It is oppressively hot and extremely humid – so much so that camera lenses and spectacles mist up within seconds, and you are drenched in sweat within minutes of setting out.

Photographing butterflies in these circumstances is to say the least, challenging. Patience and dedication are essential, as is a sense of humour – on many occasions we tripped over tree roots and crashed into the undergrowth, no doubt causing amusement to the onlooking butterflies. On one occasion when crossing a rickety bridge I became so distracted by a passing Birdwing that I put my foot through a broken slat and fell through into a river. Luckily I managed to avoid broken bones, and somehow held on to my camera, which survived the ordeal intact.

Although there are risks on the trails, and certainly more than a little discomfort, the rewards are great – in addition to a large number of butterfly species we also saw leaf monkeys, langurs, squirrels, wild pigs, sambar and barking deer, monitor lizards, iguanas, flying lizards, several snakes, fish eagles, kingfishers, giant millipedes, katydids, stick insects, bright red dragonflies, and myriads of ants and termites.

On some occasions we took the opportunity to explore the tributaries of the Sungai Tembeling by motorised longboats. These 4 seaters can seem a little unstable as you clamber on board, but the boatmen are highly skilled at navigating the shallow streams and small rapids, and once you are on the move there is little danger of overturning. The odd splash is inevitable however so it pays to have a waterproof bag to protect cameras and binoculars.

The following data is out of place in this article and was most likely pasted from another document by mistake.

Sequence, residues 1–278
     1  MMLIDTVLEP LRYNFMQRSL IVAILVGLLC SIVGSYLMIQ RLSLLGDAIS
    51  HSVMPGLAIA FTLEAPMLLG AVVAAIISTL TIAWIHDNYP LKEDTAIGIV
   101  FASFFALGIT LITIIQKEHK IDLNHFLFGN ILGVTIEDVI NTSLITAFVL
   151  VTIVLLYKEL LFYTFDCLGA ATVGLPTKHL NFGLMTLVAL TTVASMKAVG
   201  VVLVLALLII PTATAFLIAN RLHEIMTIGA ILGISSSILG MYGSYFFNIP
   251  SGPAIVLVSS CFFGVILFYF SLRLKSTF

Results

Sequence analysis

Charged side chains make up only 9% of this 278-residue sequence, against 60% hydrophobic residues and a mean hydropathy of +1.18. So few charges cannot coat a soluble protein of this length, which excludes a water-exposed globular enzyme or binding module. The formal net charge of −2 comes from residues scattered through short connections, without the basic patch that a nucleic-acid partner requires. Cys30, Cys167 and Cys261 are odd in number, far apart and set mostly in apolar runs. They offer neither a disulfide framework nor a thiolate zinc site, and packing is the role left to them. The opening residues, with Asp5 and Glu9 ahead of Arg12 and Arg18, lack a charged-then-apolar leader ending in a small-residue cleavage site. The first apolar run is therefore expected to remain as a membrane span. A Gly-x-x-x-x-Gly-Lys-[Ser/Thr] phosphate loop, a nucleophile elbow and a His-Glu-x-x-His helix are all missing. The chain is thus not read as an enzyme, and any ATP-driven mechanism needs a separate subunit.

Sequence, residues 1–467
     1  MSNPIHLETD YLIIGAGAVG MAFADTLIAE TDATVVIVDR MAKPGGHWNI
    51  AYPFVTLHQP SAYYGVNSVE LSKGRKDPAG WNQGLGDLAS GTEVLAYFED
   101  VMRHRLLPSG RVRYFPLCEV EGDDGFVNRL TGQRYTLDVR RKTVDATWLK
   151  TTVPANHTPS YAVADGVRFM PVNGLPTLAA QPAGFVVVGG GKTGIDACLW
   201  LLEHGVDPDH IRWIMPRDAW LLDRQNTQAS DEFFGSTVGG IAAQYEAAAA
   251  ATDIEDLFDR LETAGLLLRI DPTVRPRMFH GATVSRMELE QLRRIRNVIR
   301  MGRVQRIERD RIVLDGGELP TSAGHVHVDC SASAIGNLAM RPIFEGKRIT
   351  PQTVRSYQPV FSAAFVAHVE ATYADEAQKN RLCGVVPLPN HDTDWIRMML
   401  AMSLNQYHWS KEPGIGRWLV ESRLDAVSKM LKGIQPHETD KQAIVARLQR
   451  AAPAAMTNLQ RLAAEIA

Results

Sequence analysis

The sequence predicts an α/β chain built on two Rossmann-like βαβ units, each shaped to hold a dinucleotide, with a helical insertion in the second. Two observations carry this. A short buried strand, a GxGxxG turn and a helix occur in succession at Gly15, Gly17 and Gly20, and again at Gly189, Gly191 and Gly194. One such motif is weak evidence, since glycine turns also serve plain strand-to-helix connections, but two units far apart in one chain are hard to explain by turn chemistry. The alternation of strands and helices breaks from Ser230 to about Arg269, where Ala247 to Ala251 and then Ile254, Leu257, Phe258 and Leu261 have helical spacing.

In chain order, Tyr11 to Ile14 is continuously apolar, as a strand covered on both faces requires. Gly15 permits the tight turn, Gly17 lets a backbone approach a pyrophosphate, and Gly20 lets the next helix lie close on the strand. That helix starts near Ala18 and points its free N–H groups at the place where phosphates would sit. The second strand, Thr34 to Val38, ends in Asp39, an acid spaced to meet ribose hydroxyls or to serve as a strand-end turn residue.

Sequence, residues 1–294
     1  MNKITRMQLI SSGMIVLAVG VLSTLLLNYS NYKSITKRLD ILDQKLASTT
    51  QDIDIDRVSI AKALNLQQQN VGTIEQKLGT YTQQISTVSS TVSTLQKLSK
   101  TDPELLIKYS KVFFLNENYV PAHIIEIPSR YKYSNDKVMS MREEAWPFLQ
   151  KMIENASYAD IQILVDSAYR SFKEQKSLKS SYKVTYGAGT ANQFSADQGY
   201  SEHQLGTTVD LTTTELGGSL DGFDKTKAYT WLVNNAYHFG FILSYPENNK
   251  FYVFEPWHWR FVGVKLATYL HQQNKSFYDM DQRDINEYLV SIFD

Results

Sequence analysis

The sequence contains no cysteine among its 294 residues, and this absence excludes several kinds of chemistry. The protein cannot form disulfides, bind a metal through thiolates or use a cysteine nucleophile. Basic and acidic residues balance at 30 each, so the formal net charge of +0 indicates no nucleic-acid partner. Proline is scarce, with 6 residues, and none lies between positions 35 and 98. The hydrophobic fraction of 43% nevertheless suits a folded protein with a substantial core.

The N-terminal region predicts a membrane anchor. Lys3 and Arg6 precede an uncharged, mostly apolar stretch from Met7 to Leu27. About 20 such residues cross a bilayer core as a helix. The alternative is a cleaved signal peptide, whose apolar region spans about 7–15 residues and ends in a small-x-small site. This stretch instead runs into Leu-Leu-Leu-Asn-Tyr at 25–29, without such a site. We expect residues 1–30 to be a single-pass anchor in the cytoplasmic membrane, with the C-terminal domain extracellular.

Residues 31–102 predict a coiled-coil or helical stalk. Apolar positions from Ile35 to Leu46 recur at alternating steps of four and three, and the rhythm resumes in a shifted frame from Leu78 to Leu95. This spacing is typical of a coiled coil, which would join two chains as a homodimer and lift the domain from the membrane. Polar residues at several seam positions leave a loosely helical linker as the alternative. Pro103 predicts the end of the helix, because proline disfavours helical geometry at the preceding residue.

The short trip along the Sungai Tahan is one of the most beautiful river journeys in the world. The banks of the shallow blackwater stream are lined with giant Neram trees leaning far out over the water. Dappled sunlight filters through the foliage, dazzling blue and orange kingfishers dart across your path, brilliant metallic green damselflies dance over the water, and every now and then you glimpse a deer on the river bank, or a giant water monitor lizard basking on a half-immersed log.

After about 40 minutes the boat reaches the rapids at Lata Berkoh and can go no further. There, on the rocky beach are hordes of beautiful Graphium sarpedon swarming in groups of 20-30 to imbibe mineralised moisture. They have chocolate wings with translucent turquoise ‘windows’, and look like flotillas of miniature sailboards. The Five-bar Swordtail Pathysa antiphates is an even more stunning Lata Berkoh species with white wings that are marked underneath with bright green and orange.

Other species seen at Lata Berkoh included several yellow Pierids such as Dercas verhuelli, Catopsilia pyranthe and Eurema simulatrix. To my eyes the most delightful species were probably the lightning fast Dragontails which buzzed around the waters edge. These miniature relatives of the Swallowtails have transparent wings banded with black and white, and have incredibly long rudder-like tails. There are 2 species – Lamproptera curius and L. meges – the former appears whitish in flight, while the latter has a distinctive greenish appearance.

To summarise, our trip to West Malaysia was great fun, and enabled us to record and photograph over 170 species of butterfly. It’s difficult to pick a “butterfly of the trip”, simply because the variety of shapes, colours and patterns was so vast – how can you choose between the huge and incredibly beautiful Rajah Brooke’s Birdwing, and the fragile multi-tailed hairstreaks such as Eooxylides tharis or Drupadia ravindra ?

We hope to organise another trip to this fascinating destination soon !